By the end of 2016, nearly 5.2 million refugees and migrants reached European shores, undertaking treacherous journeys from Syria, Iraq, Afghanistan and other countries, torn apart by war and persecution.
Simply because of geography, the majority of the migratory flows impact countries at the EU’s external borders. The safety of people who seek international protection or a better life increase the pressure to the countries’ EU external borders, which worry that migrant crisis will exceed their capacities and will not be able to cope in the event of large flows. In 2021, more than 114,000 people risked their lives trying to reach Europe by sea; over 3,200 of them are dead or missing.
As of March 2022, due to Russian invasion, more than 3.8 million refugees have now fled Ukraine according to the United Nations (UN). Most of them passed to neighbouring countries to the west, such as Poland, Romania, Slovakia, Hungary and Moldova. An estimated 4 million people may flee Ukraine in the coming weeks and months. If this situation continues to deteriorate because of the military offensive, it is estimated that up to 18 million people will be in need of humanitarian assistance by the end of May 2022.
When a migrant crisis occurs there are often intense difficulties and dangerous situations faced in destination countries due to the large influx of displaced people, refugees or asylum seekers. These people may be escaping from the conditions (naturally or artificially created) which negatively affected their situation (security, economic, political or societal) at the country of origin. As such, it is an urgent issue from the side of European countries to take the appropriate measures to save the lives of these people, not to mention to help first responders and emergency agencies to adequately respond and provide aid.
To ensure success in this effort, the European Governments should provide first responders and the emergency agencies with the suitable tools, which nowadays include the usage of technology and the advantages of standardisation with its common procedures and protocols among European countries. It is generally accepted that standardisation is the process of implementing and developing technical standards, based on the consensus of different parties that include firms, users, interest groups, standards organisations and governments.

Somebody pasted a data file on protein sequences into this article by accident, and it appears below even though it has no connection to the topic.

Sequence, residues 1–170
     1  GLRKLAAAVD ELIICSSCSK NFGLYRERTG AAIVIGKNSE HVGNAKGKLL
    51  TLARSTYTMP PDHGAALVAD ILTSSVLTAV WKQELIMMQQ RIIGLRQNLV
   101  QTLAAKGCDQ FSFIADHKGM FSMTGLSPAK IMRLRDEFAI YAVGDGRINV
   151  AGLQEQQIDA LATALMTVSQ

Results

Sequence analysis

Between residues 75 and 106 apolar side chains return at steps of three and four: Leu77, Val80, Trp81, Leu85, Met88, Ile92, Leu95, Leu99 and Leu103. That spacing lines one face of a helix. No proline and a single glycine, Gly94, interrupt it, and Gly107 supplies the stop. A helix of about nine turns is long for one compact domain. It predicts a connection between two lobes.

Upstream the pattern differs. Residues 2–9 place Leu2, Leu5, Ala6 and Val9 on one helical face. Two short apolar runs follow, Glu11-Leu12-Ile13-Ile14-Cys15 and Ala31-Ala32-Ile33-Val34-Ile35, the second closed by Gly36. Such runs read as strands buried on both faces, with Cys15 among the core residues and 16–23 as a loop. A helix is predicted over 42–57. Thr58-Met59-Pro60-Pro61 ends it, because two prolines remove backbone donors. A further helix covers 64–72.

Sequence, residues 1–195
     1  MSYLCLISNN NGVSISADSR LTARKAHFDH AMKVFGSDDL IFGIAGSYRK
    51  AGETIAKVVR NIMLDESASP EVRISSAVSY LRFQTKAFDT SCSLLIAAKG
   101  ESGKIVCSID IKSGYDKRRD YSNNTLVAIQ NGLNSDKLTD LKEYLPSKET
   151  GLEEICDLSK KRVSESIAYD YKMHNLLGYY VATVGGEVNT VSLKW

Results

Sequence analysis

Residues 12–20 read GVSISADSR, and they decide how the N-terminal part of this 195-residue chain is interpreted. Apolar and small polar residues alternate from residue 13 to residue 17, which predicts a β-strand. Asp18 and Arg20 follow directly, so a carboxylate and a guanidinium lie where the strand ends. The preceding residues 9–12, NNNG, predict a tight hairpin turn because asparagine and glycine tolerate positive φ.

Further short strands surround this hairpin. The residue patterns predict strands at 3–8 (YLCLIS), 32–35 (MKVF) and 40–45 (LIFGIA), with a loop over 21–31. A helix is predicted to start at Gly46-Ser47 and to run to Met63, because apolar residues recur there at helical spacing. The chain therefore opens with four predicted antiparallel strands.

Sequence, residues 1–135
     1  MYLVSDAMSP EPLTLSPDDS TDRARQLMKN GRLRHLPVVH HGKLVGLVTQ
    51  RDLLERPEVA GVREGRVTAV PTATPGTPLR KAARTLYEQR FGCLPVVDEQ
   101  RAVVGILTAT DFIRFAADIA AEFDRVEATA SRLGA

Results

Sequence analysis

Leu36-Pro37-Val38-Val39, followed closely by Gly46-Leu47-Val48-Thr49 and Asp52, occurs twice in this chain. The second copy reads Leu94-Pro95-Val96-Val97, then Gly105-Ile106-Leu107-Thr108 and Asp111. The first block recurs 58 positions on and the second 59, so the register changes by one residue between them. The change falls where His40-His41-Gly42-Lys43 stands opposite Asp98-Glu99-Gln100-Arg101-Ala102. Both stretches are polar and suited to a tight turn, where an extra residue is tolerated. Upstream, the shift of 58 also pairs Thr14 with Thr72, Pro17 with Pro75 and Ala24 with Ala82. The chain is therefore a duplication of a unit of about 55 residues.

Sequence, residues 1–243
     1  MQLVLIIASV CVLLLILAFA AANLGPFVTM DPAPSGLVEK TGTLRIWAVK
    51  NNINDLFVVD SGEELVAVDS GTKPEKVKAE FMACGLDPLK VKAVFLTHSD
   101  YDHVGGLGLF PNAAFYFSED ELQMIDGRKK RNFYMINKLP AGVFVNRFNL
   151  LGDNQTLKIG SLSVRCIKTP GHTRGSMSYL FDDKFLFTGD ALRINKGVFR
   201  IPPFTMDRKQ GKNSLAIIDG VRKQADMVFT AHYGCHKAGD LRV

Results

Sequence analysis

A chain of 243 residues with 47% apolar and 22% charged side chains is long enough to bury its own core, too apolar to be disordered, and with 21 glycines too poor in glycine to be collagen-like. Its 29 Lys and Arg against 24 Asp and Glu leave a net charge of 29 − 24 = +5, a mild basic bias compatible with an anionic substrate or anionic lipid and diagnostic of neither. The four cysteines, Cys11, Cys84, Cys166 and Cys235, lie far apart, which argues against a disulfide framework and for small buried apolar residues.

Standardisation is particularly useful to first responders, because through mutual systems, tools and procedures, their operational capacity is empowered and their safety is ensured. Additionally, the existence of standard procedures and protocols provides first responders with confidence, allowing them to effectively manage an emergency without fear, confusion, or feeling overwhelmed.
The STRATEGY project focuses on this very concept – the facilitation of communication between agents from different countries by developing common monitoring systems and situation reports as well as reporting and response protocols. The use of technological advances could contribute to this, resulting in more effective collaboration between governments.
Technological Advances for first responders
Luckily, there have been a wide range of technological advances that empower first responders, ensuring that their action is carried in time, with precision and effectiveness. Firstly, an example of a very efficient technological tool is the usage of drones (unmanned aerial vehicles) in search and rescue. Drones allow first responders to find missing people rapidly and safely and deliver lifesaving supplies to areas in need. They can also assist authorities in identifying the exact location of migrants providing vantage points in sites that may be too dangerous for human observers.
Secondly, in today’s interconnected world, mobile services such as mobile phones or smart watches are becoming a useful tool for first responders to locate migrants by tracking signals from their mobile devices, even when networks have collapsed. The ability to create an ad-hoc network on sight has become one of the most sought-after features by first responder agencies. This technology enables the development of direction finders that can quickly pinpoint the location of the mobile device.
Lastly, an additional point to bear in mind is the use of artificial intelligence which is an important component of migration management. The EU and US have invested in AI algorithms to automate decisions on asylum, visa applications and refugee resettlement. Real data collected from migrants by various smart border facilities and virtual wall solutions such as satellites, drones, and sensors are then assessed by AI algorithms on the border.
To sum up, by combining the assets of standardisation with the advantages of the technology, first responders and emergency agencies dispose of crucial tools and information to effectively manage a migrant crisis, turning minutes into seconds and victims into survivors.
PhD Electrical and Computer Engineer
Applied Technology Division /
Hellenic Police Headquarters
Athens’ Traffic Division /
Hellenic Police Headquarters